PARIS – Passivated Anti-Reflective Inexpensive Solution

Members: Michael Leung, George Baxter, Benjamin Greenlay, Elwin Ha, Matthew Haines

Abstract: It has been demonstrated that randomly distributed, sub-wavelength nanostructures are able to decrease reflection, and hence increase transmission, of broadband wavelengths over a large angular range. The unacceptable drawback of these structures, however, is that they are fragile and environmentally sensitive. One particularly promising solution involves the combination of such nanostructures with single layer anti-reflective coatings, which have been proven to minimize reflectance in a wavelength-selective manner for narrow angular ranges. They also possess extensive passivation properties. This project investigates a hybrid anti-reflective coating through the use of a patterning process in which the surface profile of black silicon is transferred to optical grade polymers, which are subsequently passivated utilizing a thin film consisting of mesoporous silica nanoparticles.

This project focuses on a two-layered passivated anti-reflective coating, by combining randomly distributed nanostructures created on a transparent substrate with with a mesoporous silica coating. The nanostructures are subwavelength in size and create a gradient refractive index gradient between the mesoporous silica and the substrate and the mesoporous silica has a low refractive index which reduces the reflection at the surface. The fabrication process for both components is simple and inexpensive. Together these factors create an inexpensive resilient coating that is also anti-reflective to reduce glare for applications with touch screen technology.

The best prototype was constructed using a combination of nanostructures, imprinted into Norland Optical Adhesive 61, and mesoporous silica nano particles, dip coated with a 35% binder solution at 120 mm / minute. It was tested to determine the transmission and hardness characteristics. This prototype exhibited less then 2% combined reflection and absorption across most visible wavelengths. This is an improvement over the 8-9% reflection observed on baseline polished glass slides. It was also able to withstand mild contact, however adhesions issues with the mesoporous silica coating prevented accurate hardness measurements from being made.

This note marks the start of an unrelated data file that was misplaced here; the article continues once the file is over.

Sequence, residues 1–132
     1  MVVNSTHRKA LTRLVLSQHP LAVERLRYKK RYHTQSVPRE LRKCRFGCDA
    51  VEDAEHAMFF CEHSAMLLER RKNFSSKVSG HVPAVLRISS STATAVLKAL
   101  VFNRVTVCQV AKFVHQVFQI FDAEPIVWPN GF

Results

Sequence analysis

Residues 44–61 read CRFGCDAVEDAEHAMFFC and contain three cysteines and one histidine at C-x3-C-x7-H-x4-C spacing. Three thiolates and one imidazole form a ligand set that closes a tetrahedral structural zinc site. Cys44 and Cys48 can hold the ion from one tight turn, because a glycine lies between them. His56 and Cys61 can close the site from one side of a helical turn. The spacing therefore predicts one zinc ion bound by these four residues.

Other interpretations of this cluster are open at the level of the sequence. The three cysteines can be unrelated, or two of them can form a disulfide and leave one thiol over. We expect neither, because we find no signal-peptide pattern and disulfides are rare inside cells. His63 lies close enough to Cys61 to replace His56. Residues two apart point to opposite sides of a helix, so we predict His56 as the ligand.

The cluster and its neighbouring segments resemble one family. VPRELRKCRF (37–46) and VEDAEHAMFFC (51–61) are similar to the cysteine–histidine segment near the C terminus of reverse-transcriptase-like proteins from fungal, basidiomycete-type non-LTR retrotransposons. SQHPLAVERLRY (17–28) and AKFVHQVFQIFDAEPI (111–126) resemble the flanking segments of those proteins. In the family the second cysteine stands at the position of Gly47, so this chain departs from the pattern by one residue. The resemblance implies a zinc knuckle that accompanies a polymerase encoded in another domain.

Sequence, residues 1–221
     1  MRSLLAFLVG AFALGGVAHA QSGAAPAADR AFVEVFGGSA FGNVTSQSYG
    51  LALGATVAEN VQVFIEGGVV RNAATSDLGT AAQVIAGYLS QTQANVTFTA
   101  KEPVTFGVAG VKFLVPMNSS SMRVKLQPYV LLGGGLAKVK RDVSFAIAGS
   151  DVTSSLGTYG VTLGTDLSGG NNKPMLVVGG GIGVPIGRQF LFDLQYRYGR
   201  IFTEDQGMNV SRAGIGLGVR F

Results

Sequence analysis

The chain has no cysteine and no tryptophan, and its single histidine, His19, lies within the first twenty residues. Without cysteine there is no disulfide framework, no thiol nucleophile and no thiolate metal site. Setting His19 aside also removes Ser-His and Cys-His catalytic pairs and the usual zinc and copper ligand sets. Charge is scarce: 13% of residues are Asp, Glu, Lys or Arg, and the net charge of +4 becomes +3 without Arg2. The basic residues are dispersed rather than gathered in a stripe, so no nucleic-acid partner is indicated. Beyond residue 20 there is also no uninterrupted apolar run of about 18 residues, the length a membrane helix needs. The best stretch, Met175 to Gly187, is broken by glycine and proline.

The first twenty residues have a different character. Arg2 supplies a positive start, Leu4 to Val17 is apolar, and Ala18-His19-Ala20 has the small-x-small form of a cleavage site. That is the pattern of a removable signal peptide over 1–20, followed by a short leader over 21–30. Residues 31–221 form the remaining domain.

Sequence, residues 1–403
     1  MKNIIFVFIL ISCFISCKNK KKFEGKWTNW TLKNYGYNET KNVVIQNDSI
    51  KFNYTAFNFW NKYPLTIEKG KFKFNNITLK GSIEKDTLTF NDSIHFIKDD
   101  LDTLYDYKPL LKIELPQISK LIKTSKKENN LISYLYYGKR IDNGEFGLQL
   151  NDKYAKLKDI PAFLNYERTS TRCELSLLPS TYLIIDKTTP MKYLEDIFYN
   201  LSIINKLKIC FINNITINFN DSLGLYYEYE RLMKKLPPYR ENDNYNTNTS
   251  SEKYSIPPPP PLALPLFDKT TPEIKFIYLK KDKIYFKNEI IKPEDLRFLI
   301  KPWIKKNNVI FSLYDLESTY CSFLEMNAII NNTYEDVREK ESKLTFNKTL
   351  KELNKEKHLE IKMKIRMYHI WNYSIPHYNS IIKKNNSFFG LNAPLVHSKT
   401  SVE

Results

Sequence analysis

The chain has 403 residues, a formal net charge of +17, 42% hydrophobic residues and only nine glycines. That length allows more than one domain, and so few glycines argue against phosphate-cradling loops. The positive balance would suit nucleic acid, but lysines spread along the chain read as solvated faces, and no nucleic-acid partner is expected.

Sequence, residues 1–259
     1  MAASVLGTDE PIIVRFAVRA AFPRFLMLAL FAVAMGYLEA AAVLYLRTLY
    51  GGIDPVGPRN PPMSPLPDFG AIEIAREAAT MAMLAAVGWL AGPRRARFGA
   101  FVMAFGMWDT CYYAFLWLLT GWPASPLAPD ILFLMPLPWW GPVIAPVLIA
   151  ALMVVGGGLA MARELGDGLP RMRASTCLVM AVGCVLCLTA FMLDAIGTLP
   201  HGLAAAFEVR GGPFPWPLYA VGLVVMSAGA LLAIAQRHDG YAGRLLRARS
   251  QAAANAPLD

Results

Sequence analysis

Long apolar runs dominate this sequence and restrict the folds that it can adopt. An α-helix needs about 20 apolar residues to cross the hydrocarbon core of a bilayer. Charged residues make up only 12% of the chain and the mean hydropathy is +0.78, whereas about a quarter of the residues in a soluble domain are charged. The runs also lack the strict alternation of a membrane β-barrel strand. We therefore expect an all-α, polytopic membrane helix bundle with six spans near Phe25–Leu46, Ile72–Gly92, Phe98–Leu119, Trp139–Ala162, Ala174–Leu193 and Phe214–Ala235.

In conclusion the prototype made outperforms both plain glass samples, plain nano structured samples and thin mesoporous silica anti-reflective coatings. While the hardness doesn’t current compete with industry standards there is room for future research into better adhesion and stronger mesoporous silica coatings. In addition more research can be done to better mass produce the samples, through hot embossing and injection moulding of the nanostructures and spray coating the mesoporous silica solution.

More information: You can find more information about the project on my team mates web site. Alternatively you can  read our Final Report

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